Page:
As a chef, I accepted a professional challenge to cook as a contractor for this group teaching Native Americans how to return to their native plant based diet in order to reduce the epidemic effects of diabetes in their community. Calling it what it really is, the Vegan diet is a huge hassle for chefs. Compromise the objective by making it extrememly low in fat and only using indigenous plants and you have the ultimate in culinary throw-downs.

That said, cooking in the manner I was directed to, with fewer than 3 grams of fat per dish, was certainly a bit of an issue. Mouthfeel, balance, textures- all luxuries in a regular kitchen that we struggled with. We pulled it off, good changes were made, people turned corners on their health.

 

Just to be fair, I went along for the ride with them, doing the Vegan dance, sharing thie 8 week long experience. I respect the health issue and the associated benefits, but I can't tolerate extremism

 

chefross

chefross
Jan 22, 2011 07:54 CST

I take very little stock in what the media has to say about food choices. I am inundated daily with low calorie, low salt, and no flavor dishes. My take on all of it is eat whatever you want but don't over do it.

Portions in restaurants are still to large but I can still enjoy eating out without over doing it.

Moderation is always the key

BIGCHEF_007

BIGCHEF_007
Jan 16, 2011 23:52 CST

Here in the Midwest if you will, we always seem to be the last to get any kind of  contemporary food trends. A lot of people here in Evansville love to eat comfort food, fried, heavily sauced and garnished with butter, jk on the butter. All jokes aside i can't put to many healthy items on our featured menu without having to put one or two cholesterol-fat ridden items with them.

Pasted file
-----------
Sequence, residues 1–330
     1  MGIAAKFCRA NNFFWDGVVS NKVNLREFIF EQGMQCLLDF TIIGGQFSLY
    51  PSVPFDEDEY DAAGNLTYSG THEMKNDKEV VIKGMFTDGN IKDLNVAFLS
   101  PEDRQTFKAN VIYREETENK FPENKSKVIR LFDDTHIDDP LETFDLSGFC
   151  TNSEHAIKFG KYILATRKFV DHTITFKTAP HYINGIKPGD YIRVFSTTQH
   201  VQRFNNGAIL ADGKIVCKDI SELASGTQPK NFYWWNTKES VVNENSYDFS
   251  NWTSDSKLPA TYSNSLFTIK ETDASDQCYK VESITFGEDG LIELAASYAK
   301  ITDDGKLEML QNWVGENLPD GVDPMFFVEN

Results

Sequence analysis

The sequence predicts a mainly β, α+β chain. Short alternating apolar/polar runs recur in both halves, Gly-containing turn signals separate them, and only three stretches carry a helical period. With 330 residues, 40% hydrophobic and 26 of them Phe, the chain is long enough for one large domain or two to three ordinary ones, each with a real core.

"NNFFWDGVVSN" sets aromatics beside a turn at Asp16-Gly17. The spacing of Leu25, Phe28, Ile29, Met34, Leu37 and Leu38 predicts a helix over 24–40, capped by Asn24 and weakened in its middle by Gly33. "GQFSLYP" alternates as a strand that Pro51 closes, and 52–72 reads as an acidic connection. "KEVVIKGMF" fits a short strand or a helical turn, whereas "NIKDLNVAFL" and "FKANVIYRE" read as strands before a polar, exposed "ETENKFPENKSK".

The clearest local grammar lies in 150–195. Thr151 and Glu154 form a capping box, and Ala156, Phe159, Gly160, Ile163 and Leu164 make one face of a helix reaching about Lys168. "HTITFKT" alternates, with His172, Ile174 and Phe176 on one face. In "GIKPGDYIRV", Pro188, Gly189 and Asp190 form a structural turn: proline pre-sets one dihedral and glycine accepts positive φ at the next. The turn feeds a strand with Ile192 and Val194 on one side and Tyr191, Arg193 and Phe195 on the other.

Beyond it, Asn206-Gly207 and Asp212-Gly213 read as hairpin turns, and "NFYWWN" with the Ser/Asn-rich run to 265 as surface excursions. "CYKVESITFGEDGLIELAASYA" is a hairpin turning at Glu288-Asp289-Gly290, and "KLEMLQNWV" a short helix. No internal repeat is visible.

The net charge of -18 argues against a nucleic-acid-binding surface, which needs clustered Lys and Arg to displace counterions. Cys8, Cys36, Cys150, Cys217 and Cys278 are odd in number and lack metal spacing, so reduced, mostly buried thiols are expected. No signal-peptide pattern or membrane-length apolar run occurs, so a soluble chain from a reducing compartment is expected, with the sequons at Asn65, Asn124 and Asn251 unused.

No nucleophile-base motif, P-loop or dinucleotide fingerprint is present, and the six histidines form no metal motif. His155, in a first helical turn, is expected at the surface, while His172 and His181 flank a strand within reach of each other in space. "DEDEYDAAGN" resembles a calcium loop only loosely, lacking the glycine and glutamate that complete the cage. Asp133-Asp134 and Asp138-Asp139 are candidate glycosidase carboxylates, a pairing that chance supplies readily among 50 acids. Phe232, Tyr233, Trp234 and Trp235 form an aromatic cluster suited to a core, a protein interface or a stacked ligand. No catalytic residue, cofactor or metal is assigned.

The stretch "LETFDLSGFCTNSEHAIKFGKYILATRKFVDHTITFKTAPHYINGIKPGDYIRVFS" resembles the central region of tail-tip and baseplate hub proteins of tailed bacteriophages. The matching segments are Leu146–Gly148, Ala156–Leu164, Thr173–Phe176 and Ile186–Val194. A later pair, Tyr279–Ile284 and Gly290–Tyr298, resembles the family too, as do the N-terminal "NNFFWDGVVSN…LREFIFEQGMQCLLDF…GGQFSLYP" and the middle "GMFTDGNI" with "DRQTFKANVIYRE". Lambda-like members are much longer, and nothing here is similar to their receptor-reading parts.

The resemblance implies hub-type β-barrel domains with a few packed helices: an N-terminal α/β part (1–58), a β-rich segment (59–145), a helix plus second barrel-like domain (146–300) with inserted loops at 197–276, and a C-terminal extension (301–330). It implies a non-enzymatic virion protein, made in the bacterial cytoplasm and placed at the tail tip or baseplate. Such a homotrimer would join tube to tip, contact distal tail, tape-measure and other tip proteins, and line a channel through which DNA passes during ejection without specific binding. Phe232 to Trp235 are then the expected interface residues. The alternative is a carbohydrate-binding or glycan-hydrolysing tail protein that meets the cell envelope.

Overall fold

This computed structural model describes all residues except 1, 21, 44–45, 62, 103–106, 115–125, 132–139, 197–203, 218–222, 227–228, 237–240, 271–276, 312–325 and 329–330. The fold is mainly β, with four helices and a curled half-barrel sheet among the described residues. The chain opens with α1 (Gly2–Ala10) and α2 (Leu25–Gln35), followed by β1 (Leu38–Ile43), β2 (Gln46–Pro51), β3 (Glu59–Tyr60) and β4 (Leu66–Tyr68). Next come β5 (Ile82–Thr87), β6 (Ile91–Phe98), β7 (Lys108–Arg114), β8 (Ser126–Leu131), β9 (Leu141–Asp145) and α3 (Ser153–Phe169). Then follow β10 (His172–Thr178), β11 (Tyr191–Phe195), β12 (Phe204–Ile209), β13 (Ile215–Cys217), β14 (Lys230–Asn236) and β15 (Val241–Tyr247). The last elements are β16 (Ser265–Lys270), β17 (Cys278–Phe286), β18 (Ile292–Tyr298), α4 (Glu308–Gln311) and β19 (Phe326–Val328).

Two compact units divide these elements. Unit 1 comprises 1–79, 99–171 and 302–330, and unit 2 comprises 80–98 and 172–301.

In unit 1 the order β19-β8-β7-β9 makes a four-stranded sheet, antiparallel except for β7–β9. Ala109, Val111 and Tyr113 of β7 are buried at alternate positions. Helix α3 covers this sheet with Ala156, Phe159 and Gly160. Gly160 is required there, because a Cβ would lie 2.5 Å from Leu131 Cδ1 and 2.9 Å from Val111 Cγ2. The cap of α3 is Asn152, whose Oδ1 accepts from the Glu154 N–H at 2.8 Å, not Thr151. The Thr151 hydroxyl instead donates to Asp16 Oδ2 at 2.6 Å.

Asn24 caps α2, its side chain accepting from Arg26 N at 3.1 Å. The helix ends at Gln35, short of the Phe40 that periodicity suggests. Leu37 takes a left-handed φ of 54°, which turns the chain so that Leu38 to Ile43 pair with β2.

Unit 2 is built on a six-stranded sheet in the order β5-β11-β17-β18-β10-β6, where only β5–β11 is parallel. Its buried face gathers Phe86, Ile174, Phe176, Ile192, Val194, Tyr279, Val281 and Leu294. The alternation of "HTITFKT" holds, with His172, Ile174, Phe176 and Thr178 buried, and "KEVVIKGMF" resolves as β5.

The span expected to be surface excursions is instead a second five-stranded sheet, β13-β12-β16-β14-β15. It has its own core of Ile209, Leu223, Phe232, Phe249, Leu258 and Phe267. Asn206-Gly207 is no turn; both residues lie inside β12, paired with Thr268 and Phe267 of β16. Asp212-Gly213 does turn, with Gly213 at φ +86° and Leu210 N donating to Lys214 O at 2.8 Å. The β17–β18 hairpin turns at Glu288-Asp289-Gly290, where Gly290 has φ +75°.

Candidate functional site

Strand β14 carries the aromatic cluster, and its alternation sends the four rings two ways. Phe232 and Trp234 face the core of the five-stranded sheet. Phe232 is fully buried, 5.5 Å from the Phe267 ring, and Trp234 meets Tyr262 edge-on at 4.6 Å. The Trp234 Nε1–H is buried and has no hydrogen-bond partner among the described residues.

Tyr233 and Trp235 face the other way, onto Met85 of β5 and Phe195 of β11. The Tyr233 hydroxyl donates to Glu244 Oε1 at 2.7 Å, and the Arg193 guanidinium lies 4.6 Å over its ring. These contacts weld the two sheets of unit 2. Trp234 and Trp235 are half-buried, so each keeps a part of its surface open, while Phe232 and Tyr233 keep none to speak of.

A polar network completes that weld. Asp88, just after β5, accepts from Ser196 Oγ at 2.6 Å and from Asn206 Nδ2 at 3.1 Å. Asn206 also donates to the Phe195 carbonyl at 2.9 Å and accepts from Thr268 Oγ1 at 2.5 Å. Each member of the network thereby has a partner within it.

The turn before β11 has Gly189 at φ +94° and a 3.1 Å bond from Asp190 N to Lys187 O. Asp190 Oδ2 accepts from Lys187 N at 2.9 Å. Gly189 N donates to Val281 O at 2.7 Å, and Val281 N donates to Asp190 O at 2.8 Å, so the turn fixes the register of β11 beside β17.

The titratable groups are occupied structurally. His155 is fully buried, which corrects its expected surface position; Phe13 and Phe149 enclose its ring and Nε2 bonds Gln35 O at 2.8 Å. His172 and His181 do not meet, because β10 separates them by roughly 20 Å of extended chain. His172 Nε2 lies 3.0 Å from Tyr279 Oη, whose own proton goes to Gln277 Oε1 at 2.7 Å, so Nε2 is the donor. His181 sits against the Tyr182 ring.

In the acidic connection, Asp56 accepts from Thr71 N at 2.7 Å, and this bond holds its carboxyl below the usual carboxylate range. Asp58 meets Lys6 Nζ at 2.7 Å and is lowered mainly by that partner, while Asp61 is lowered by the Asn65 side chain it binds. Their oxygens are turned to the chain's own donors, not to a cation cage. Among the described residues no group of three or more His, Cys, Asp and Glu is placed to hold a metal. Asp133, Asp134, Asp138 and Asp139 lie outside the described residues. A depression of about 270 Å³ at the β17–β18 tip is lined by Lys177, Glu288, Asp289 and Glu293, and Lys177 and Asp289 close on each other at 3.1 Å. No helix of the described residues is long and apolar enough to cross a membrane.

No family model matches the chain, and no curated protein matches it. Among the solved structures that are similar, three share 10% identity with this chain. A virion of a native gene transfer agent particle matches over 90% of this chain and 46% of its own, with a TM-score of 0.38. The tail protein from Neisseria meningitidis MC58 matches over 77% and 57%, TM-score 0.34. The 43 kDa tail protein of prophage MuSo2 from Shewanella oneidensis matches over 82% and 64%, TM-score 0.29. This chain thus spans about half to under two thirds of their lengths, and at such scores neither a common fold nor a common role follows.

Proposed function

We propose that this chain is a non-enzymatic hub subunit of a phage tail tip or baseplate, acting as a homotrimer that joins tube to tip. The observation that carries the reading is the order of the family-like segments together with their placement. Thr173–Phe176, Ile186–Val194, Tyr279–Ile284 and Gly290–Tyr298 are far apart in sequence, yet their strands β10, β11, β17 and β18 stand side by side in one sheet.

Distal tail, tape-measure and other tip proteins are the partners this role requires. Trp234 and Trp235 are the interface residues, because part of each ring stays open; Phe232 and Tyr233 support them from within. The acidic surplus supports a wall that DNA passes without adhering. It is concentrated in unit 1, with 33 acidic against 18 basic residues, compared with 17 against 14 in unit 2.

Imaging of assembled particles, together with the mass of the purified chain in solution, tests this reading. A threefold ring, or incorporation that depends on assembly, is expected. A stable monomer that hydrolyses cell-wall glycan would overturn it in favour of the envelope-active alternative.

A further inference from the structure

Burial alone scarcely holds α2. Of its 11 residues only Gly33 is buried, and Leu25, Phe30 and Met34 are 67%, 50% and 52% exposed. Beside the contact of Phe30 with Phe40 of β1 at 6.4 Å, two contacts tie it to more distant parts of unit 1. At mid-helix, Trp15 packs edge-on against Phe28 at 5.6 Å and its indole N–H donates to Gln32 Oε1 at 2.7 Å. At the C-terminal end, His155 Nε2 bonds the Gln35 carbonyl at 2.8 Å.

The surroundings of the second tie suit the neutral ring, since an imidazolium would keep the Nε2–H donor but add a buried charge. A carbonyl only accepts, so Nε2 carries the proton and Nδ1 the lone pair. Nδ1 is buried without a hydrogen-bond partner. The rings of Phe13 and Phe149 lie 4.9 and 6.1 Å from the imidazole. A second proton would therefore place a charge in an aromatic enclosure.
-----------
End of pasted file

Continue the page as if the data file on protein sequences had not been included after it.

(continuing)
Roninchef

Roninchef
Jan 15, 2011 21:06 CST

haha, i say, let them man write his recipes, eat at your own risk and the consumer should be held responsible not the chef.

Blair88

Blair88
Jan 14, 2011 19:02 CST

Who cares what the crtics say,eat what ever you want,if you like it eat it!! If you want to eat healthy go right ahead,but don't start bitching at thoes who choice not to!! I'll take ANYTHING Gordon Ramsay cooks over anything you can cook Healthy!!! Bring on the Bacon!!!

tiggerlily67

tiggerlily67
Jan 14, 2011 18:44 CST

if you are looking for something special then i dont see anything wrong with it ... most people dont eat like that everyday but once in a while ... hell yeah!

Carolptimm

Carolptimm
Jan 13, 2011 16:47 CST

Hmmm so much for "Fat equals flavor".... I would think you could have fabulous dishes with less fat being involved. 

Pegasus

Pegasus
Jan 10, 2011 13:23 CST

I'll bet that British Pheasant Casserole is delicious!

christian watson

christian watson
Jan 8, 2011 10:21 CST

The Food Network should air a disclaimer before all its programs. “Warning: the following show features stunts performed by chefs who didn’t have to worry about washing dishes, afterwards.”